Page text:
To be fair to the Bitcoin bros (not great) and the XRP army (worse), the World Health Organization had began pushing the theory that Covid may be spread by banknotes about that time (while also suggesting that people not wear masks), which is now deemed to be “very unlikely.” Even if banknotes were a critical transmission vector, we doubt that “dirty fiat” could be held liable, given that the great bulk of it exists solely in digital form. When you can transact digitally using fiat money, why would you use Bitcoin, Cardano (ADA), or any other cryptocurrency?
In some ways, however, the crypto crowd was correct. Bitcoin’s price has climbed by roughly 525 percent in the almost 18 months before Covid-19 was declared a pandemic, from just under $8,000 to a three-month peak just above $50,000 on Monday. XRP has risen by a similar amount and is now trading at roughly $1.25.
And, regrettably, this has resulted in some fairly foolish thinking (extremely unusual in the crypto world, we know), particularly of the chart-crime variety:
Yes, it is an “interesting relationship.” Covid cases fell to their lowest levels since April 2020 when Ethereum (or “ether” as the token that drives the network is called) set a record high of just under $4,200 in early May (not greater than the bitcoin price at the time, though you wouldn’t know it from the above). According to the graphic, when bitcoin achieved a record high of roughly $63,000 just a few weeks ago, Covid cases had already plummeted precipitously. And when Covid instances peaked in early January, bitcoin experienced its worst drop in eight months. Isn’t it almost as though there’s no connection between cryptocurrency pricing and Covid cases? (Both crypto coins have increased in value in recent days, as have cases; there is no inverse relationship).
It’s worth noting that crypto prices began to rise more rapidly after Donald Trump lost the presidential election, so we might consider the possibility that Trump is Satoshi, and that now that he has more free time on his hands, he’s focusing on pumping the market. After all, it’s quite plausible that he’s a Japanese-trained quantum physicist (skip to 2:09 for proof of his thermodynamics expertise, and 2:45 for proof of his ability to read Japanese):
Maybe that’s a bit far-fetched. But, we hear you wonder, what’s behind crypto’s meteoric rise over the last 18 months? We don’t intend to imply that the pandemic hasn’t played a role; we believe it has, but not in the way that this chart implies — in other words, not because it’s some kind of safe haven for traders worried about the rise in Covid cases; the data don’t support that theory.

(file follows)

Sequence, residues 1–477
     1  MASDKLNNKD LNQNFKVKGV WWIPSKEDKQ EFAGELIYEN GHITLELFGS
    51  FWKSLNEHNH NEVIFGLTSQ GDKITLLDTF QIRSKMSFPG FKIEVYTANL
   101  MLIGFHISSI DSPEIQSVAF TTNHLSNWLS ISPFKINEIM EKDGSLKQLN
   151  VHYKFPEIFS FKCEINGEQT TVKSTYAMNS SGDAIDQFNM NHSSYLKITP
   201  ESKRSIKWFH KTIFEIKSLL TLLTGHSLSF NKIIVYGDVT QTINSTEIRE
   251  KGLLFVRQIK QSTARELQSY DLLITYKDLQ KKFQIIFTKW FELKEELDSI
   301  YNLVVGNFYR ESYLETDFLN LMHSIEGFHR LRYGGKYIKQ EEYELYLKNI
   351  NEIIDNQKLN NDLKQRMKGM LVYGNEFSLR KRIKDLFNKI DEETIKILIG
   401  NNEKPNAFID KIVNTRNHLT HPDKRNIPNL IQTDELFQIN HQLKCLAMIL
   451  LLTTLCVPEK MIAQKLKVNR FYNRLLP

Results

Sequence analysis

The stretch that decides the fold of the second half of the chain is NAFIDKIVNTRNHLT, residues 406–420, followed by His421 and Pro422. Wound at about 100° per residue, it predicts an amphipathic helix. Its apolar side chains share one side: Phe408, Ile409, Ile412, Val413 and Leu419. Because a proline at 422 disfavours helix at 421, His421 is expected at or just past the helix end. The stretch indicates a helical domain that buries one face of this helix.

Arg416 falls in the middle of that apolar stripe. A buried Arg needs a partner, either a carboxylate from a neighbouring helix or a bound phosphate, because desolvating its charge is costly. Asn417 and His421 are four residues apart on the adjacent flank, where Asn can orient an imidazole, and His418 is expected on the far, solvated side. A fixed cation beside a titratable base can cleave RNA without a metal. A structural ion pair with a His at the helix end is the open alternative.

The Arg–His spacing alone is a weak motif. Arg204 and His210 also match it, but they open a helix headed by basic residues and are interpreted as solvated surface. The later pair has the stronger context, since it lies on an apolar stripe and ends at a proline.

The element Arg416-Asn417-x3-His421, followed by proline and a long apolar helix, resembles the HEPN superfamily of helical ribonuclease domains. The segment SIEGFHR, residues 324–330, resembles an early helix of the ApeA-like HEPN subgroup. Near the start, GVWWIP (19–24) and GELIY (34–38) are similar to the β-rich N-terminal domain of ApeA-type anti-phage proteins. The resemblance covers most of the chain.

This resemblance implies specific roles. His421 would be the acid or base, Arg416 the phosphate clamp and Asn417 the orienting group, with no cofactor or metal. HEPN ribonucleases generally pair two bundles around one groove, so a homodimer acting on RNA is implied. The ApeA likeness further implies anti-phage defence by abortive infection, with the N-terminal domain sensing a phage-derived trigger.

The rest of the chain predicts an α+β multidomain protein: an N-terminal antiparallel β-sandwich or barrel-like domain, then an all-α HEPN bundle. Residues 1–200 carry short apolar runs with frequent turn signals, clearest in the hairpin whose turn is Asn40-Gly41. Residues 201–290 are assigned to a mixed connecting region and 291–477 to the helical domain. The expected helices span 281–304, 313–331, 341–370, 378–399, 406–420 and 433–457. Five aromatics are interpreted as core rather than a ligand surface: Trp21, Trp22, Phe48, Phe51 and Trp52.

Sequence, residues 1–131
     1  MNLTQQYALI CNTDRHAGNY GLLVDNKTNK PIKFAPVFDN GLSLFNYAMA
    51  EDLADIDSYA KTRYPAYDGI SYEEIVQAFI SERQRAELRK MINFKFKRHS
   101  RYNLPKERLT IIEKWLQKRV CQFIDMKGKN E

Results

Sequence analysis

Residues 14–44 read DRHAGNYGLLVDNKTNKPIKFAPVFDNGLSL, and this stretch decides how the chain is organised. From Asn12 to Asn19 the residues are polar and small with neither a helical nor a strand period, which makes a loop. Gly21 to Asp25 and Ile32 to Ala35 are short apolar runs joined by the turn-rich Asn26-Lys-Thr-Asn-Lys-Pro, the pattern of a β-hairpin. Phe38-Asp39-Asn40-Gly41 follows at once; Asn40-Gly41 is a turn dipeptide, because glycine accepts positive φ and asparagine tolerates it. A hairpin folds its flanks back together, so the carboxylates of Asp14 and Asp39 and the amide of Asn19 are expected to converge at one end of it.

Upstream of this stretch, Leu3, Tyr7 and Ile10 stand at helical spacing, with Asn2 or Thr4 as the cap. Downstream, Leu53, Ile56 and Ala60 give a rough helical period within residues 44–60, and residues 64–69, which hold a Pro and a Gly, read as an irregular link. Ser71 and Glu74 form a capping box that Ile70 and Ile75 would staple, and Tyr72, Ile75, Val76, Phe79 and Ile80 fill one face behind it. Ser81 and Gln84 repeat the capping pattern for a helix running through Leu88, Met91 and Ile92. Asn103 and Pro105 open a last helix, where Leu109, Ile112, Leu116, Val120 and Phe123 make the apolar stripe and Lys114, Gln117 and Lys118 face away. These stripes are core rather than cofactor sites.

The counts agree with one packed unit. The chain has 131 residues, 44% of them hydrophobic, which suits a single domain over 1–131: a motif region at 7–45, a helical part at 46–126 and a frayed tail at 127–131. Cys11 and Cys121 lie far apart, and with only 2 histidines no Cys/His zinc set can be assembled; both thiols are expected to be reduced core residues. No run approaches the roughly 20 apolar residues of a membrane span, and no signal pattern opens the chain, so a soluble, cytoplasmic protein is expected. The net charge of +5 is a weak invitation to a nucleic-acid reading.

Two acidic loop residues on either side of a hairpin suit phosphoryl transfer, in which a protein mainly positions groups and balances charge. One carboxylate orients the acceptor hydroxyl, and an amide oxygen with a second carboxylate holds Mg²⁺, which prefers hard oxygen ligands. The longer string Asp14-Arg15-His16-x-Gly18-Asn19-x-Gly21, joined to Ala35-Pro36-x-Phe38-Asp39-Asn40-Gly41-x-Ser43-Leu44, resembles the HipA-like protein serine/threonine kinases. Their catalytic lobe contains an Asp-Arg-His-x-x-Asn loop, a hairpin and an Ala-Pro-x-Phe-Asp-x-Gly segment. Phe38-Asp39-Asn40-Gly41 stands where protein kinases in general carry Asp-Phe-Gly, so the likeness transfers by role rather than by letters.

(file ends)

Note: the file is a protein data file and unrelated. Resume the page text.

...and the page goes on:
Given the opacity of the market and a certain rather large player whose name rhymes with weather, it’s always difficult to know exactly what’s driving crypto prices, but we believe it’s partly related to the same market madness that drove GameStop to the moon, as well as a desire for an alternative to central bank-issued money due to concerns about government overreach (by means of Covid restrictions).
We should also mention that if we were given labels on the Y-axis (which we aren’t), it would be evident that these “daily Covid instances” correspond to Covid cases in the United States. Because, while a chart of Covid instances in the United States looks exactly like the one above, a chart of Covid cases worldwide does not; instead, it looks like this (according to Google):
Given that crypto is sold globally, it’s a little unusual to map crypto prices against US Covid instances rather than global ones.
Another crypto enthusiast, who had drawn up his own chart just days before, is credited quite generously by our tweeter for the astonishing analysis:
Kiara Sofia Smith
My current focus is blockchain technology and cryptocurrency. One could even call me a blockchain “enthusiast.” I have worked for almost a decade on several financial projects related to the stock market news, fundamental research and technical analysis for several blogs.
We are friendly cryptocurrency community and our mission is to give the latest info access to the people.